of the clearing house and bank of North
A Family Poisoned.
Cleveland, Get. 21. -Eliza Sadis, a
young colored domestic, poisoned, but not
fatally, three members of the family of
J. J. Cooks, with whom she lives, using
druggists poison paper. The motive is
unknown. She escaped once from cus
tody, but is now in jail.
Fearful Fight With a Bear.
Deadwood, D. T., Oct. 23. Fritz Wolf
ken, while bear hunting with two com
panions, near Spearfish Falls, yesterday,
was attacked by a large cinnamon bear.
His head was nearly torn away from his
shoulder?, both arms were broken, the
lower jaw, nose and one eye completely
torn away before the animal was killed.
Death occured in a few hours,
Prospective Peace Good prospect for the
New York, Oct. 21. The Panama Star
and Herald of October 15th, is just re
ceived. It says a compact has been signed
by Colum bia anil Chile in which it is
agreed to submit to arbitration all ques
tions in dispute petweeu the two repub
lics. Arbitrators are to be chosen by each
party, and in case they do not' agree the
matter is to be referred to the president
of the United States.
M. DeLesseps assures President Cervora
of Panama that within a brief time the
financial questions of the canal will be
arranged and the commencement of the
work will follow immediately.
Chile Names Peace Coniuslwlonera.
New Yohk, Out. 24. Ignacio Garcia,
charge d' atlairs of Peru, announces that
information has been received from Pan
ama, via Kingston, by the Peruvian lega
tion in this city that the Peruvian govern
ment has accepted the mediation of the
United States after being notified that it
had been accepted by Chile, and ha?
named Senor Antoni Aranas, presideut
of the American congress of jurixti and
vice president of the council of state, and
Capt. Aurelia Garcia, of Novi, ex-minister
to Japan, to represent Peru in the Peace
The Ciovcrnment Favorably Impressed
with the N. P. it. Is
Washington, Oct. 25. It Is understood
that in the forthcoming report of the sec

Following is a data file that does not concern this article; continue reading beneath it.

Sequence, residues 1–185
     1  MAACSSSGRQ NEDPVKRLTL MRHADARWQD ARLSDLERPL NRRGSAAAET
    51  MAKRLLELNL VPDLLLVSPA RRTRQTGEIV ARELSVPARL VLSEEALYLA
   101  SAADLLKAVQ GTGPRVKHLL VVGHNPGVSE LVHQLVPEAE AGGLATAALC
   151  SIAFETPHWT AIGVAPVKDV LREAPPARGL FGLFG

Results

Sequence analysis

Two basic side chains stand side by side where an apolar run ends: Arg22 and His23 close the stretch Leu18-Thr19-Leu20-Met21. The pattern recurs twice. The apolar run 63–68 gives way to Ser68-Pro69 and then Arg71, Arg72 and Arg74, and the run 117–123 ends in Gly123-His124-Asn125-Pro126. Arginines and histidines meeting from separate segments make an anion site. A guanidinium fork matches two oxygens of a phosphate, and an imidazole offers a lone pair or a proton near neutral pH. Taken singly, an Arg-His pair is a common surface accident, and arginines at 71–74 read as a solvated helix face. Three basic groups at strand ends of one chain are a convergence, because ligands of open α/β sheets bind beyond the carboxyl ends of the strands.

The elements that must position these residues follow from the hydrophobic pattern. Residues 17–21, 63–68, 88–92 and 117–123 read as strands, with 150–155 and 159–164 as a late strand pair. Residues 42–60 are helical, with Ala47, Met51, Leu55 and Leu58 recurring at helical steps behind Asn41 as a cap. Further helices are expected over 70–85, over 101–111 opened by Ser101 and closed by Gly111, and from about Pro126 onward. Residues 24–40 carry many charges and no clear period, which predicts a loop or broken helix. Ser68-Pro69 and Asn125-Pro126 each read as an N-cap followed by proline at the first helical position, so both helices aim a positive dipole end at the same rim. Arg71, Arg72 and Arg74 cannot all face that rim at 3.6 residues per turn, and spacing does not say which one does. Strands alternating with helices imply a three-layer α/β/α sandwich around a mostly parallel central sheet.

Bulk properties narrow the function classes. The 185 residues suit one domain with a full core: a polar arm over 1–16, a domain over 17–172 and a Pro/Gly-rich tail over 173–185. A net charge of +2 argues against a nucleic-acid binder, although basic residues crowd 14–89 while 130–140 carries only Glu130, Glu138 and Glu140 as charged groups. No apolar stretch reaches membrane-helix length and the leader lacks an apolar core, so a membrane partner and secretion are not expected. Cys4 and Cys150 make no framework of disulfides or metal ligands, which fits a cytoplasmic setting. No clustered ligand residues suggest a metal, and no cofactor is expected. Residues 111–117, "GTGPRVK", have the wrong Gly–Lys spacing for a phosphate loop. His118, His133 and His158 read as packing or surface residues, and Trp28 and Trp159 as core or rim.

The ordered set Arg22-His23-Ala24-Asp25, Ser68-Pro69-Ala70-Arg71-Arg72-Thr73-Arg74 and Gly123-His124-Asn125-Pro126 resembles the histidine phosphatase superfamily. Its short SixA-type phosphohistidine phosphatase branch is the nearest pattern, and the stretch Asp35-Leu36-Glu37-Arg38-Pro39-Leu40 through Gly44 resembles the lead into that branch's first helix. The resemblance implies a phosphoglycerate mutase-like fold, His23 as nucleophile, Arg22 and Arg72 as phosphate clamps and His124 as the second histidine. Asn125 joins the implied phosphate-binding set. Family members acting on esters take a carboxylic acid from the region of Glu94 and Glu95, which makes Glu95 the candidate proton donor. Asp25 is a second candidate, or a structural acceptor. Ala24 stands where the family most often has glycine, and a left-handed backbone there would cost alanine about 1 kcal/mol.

retary of the Interior very favorable al
lusion will be made to the Northern Pa
cific Railroad. Early in the new year it
will be completed to the Yellowstone,
and the company expects that in two
years more it will be entirely finished. It
Is now considered that there will bo no
necessity for any additional legislation by
congress to confirm tne tittle of the com
pany to the lauds granted by its charter.
Secretary Schuri gives it as his opinion
after personal inspection, that the road
will be one of the most profitable in the
A Modern Blue Beard.
Piiilapelphia, Oct. 25. A sensation
has been created here by the discovery
that Mary Ann Conner, who died six
weeks after her marriage, and just after
making her will leaving alt her property,
about ?U000, to her husband, Michael
Conner, was the seventh wife of the man,
his sixth wife having died within a few
months oi his marriage to the woman
who expired last week. It is alleged that
he treated his. wife with brutality, and
that immediately after her death her face
turned blue and her body became swollen.
Hew Railroad War Promised.
Lafayette. Oct. 25. It seems likely
that the Erie and Western Railroads are
not satisfied with the settlement of the
railroad war and to-day make a $3 rate
from Lafayette to St, Liouisand to Kansas
City, Jacksonville, Springfield and other
western points in proportion. Like rates
will be made from principal points on
their lines in Ohio, Indiana and Illinois.
fit, JLouls gets Another Count.
St. Lotus. Oct. 25. Prof. CM. Wood.
ward, of Washington University, has been
commissioned as supervisor of census to
re-enumerate the population of thia city,
and will organize a force at once.
Sacramento Oct. 18. The first instance
of a lady being appointed a marshal of a
political procession in California occurred
here to-day. Miss Kate Cross, the daring
horsewoman, was named by Marshal
Bryte as one of his aids in the Republi
can procession of Thursday evening. She
is to command a cavalcade of ladies.
The ra"-oad commission met here Sat
urday, but though the notice was wide
spread, not a solitary person appeared to
loage any complaint against any railroad.
Woman Murdered ia San Francisco,
feAs t uancisco, Oct. si. Last nicht a
man named George Wheeler went to the
city prison and said he had killed his
sister-in-law, Adcle Tillson, at No. 23
Kearny street. Officers went to the place
and found the body of Uie girl packed
away in a trunk. According to Wheeler's